Has Energy Independence Lost its Luster for Biofuels?

By Kolby Hoagland | April 04, 2014

Only a couple years ago, a strong argument for the adoption and deployment of domestically produced biofuels in the U.S. was its support of our nation's energy independence. Today, that argument seems to possess less validity as energy imports continue to decrease, reaching their lowest level in two decades. Energy imports peaked in 2007 at 37.2 quadrillion Btu and made up 37% of the nation’s total energy portfolio. According to EIA estimates, energy imports dropped 33% to 24.5 quadrillion by 2012. Crude oil and petroleum products dominate the import energy market, making up 85% of net energy imports. With the growing production of U.S. crude from fracking operations, imports of oil and, thus, total U.S. imports of energy have dropped dramatically. The U.S. is becoming more energy independent, but do biofuels still have a role to play in greater energy independence?

Oil Import 2012

Yes. The U.S. continues to import 150 billion gallons of petroleum products per year from numerous countries, many of whom remain hostile to the U.S. and its allies. The amount of petroleum imported is enormous when compared to the current market penetration of the existing biofuel industry. For example, the current capacity of the fuel ethanol sector in the U.S. represents roughly 10% of total imports of oil on a gallon per gallon basis. There remains a large quantity of petroleum products from foreign origins that biofuels can and should displace in the domestic market. Yes, we are producing greater quanties of domestic oil. However, oil from fracking has a shorter well life, and do we want to invest our energy future in an unproven source in regards to longevity? A diversified energy portfolio is the wisest decision, and biofuels have a strong role to play to ensure that our energy future is secure.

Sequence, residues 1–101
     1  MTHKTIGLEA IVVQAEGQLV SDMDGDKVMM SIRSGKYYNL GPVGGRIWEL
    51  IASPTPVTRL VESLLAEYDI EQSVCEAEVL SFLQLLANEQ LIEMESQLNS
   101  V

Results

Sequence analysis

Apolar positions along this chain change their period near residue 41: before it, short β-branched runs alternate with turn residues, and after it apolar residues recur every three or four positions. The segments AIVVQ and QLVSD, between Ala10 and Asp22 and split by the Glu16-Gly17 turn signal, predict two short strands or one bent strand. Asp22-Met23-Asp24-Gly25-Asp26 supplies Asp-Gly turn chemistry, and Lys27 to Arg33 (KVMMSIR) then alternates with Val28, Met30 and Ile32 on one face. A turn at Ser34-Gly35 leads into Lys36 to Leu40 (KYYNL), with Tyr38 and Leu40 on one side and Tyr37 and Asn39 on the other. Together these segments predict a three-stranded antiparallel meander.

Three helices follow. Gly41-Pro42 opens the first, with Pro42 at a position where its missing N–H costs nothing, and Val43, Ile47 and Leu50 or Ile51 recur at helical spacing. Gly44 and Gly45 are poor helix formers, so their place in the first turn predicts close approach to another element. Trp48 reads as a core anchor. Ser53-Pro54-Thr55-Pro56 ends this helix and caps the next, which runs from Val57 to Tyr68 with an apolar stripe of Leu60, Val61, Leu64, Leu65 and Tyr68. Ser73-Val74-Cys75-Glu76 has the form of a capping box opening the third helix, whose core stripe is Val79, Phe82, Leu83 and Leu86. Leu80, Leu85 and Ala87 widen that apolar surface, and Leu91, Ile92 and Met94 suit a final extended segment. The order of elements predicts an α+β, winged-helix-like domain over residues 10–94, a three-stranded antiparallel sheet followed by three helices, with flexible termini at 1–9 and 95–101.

I will acknowledge that using the energy independence angle to promote biofuels has lost its luster, but it has not lost its relevance.  We should continue to cite volumes of imported oil that the U.S. will continue to depend upon unless we replace those quantities with biofuels, particularly the advanced biofuels that are now coming online at a commercial scale. We must argue for a diversified portfolio that includes greater quantities of biofuels and rids us from an “all-our-eggs-in-one-basket” scenario with fracking. Beyond energy independence, domestic biofuels still have rural economic development, lower carbon rating, less hazardous, and greater economic growth opportunities as pro-biofuel argument. Society (particularly the media) has a tendency to follow what’s trending and lose sight of the the less dazzling facts. Fortunately, the data shows that there is still a significant role for biofuels to play in making the U.S. more energy independent.